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C.D. Warner, et al., comp.  The Library of the World’s Best Literature.
An Anthology in Thirty Volumes.  1917.
Philemon (c. 368–c. 264 B.C.), Menander (c. 342–c. 292 B.C.), and the Lost Attic Comedy
Critical and Biographical Introduction by William Cranston Lawton (1853–1941)
FRAGMENTARY and tantalizing as is the flotsam and jetsam drifted to us from the wreck of Greek civilization, we can yet say, of the literary masterpieces at least, that we have almost always a fair selection from the best in each kind. The bitterest loss is in lyric poetry. Probably most lovers of the old life would be tempted to give up even Pindar’s cold and resounding splendor to recover the love songs of Sappho.  1
  In the case of comedy, there can be no doubt that Aristophanes was the one exuberantly original genius, whose lonely height has been reached since then only twice at most: by Molière, and by the myriad-sided creator of Jack Falstaff, Caliban, and Bottom the weaver. If Attic comedy could have but one representative surviving in the modern world, there was no one to contest the right of Aristophanes. And yet: his very originality, his elemental creativeness, mocks the patient student who attempts to cite from him historical data, traits of manners, or even usages of the theatre! Nothing in his comic world walks our earth, or breathes our heavier air. We may as well appeal for mere facts to the adventurous Alice.  2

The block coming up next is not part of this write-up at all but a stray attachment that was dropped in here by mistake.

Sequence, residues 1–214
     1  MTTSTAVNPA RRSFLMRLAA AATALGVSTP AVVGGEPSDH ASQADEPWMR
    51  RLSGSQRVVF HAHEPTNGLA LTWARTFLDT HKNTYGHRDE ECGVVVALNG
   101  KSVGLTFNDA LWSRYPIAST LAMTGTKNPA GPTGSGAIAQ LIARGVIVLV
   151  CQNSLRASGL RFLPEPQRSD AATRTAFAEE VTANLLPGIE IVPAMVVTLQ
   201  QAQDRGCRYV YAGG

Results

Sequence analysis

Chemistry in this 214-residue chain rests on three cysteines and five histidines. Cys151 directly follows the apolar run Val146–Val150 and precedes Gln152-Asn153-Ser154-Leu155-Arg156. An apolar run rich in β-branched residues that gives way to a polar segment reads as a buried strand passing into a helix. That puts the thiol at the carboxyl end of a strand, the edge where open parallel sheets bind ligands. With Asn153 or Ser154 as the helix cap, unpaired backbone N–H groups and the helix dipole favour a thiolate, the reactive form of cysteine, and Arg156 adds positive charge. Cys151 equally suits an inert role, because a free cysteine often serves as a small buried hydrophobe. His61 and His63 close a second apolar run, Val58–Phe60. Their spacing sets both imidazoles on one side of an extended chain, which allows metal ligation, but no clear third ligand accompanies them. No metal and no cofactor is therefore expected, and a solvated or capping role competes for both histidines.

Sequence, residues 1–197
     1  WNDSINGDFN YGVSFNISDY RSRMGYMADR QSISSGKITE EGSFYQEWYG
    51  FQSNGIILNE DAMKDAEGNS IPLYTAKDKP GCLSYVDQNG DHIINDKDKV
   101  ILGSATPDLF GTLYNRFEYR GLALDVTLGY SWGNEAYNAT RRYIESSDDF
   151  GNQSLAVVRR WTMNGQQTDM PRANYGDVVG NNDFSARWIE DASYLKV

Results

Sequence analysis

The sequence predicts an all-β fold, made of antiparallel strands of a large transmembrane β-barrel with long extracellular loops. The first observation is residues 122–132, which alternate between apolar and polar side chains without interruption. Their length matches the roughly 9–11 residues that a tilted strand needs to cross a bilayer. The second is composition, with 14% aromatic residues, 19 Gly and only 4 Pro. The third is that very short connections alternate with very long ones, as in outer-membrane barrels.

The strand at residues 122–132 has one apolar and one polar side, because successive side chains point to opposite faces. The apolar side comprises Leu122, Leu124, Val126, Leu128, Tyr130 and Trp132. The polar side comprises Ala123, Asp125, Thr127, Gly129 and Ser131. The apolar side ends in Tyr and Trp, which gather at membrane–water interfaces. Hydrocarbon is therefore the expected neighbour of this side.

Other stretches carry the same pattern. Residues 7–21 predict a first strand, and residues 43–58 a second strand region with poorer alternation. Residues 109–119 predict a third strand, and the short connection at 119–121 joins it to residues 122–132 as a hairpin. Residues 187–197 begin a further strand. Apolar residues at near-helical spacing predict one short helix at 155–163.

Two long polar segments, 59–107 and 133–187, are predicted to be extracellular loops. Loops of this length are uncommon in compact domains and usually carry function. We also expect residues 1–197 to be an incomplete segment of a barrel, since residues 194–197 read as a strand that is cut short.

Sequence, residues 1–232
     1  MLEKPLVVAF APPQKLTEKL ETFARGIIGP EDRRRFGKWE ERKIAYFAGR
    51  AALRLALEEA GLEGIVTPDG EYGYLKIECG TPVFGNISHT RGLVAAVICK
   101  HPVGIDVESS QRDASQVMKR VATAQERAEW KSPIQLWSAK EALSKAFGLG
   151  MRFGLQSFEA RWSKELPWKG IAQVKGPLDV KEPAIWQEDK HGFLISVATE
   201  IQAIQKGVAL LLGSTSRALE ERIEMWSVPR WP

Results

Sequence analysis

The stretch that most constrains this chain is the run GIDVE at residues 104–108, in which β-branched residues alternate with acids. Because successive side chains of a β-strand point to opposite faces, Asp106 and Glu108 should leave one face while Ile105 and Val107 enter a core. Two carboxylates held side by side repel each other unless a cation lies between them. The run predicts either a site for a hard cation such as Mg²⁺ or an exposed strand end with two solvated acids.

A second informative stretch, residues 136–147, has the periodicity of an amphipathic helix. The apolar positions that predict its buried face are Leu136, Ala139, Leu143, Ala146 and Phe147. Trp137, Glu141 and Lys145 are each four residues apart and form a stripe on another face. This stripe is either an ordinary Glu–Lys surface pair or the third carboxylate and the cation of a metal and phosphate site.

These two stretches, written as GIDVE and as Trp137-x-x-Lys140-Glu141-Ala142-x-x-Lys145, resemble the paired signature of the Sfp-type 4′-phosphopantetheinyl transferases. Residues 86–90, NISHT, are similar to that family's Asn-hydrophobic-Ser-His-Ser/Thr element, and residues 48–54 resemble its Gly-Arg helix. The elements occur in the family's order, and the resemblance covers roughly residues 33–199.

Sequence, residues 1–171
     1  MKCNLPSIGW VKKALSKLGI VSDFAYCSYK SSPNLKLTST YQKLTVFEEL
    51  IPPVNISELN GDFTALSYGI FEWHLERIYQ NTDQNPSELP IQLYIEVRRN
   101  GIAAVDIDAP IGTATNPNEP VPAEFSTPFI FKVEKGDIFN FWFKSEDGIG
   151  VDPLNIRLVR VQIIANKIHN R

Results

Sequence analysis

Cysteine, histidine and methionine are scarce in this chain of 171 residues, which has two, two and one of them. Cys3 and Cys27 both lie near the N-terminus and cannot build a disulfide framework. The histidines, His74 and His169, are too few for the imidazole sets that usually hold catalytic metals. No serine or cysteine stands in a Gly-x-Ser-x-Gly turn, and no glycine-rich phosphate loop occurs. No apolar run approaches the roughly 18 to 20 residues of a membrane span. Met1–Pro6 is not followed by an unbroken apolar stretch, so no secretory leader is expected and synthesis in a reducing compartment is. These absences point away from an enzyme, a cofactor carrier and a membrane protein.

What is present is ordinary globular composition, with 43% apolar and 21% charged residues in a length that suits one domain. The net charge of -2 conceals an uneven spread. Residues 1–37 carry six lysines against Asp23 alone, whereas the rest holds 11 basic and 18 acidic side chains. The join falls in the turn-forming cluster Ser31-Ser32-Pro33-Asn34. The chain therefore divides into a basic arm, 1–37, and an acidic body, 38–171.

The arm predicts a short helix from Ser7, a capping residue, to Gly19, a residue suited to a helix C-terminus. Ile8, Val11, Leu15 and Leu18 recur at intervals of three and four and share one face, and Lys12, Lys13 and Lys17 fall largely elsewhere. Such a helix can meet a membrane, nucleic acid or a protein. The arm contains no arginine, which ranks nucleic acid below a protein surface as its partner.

In a memorable passage at the close of Plato’s ‘Symposium,’ after all the other banqueters are asleep, Socrates forces Aristophanes and the tragic poet Agathon—much against the will of both—to concede that their two arts are one, and that he who is a master artist in comedy can create tragedy no less. Though this seems to us like a marvelous foreshadowing of Shakespeare, it probably was in fact suggested to Plato by a process which he must have seen already far advanced; namely, the rapid approximation of the two dramatic forms to each other, until they were practically fused in the realistic melodrama, the comedy of manners. This creation is chiefly associated by the Athenians themselves with the long happy career of Philemon, though later ages preferred his younger and briefer-lived rival Menander.  3
  These authors of comedy were right, however, in regarding as their chief master Euripides, who brought the dramatist’s art down from its pedestal. He made his characters essentially human, realistic, even contemporary, in all save names and costumes. With his fussy nurses and quibbling slaves the comedy of manners begins. These later men, to be sure,—deprived of the dramatic chorus and expensive equipment generally, discarding the tragic cothurnus, set to face an audience utterly weary, or incredulous, of divine and heroic myths,—did hold the mirror up, far more frankly than Euripides dared, to the rather artificial and ignoble social conditions about them. Euripides, moreover, even in an age of religious doubt and political despair, retained a generous portion of Æschylus’s noble aspiration, united with a creative fancy almost Aristophanic. Little indeed of either could survive the final fall of Athenian freedom.  4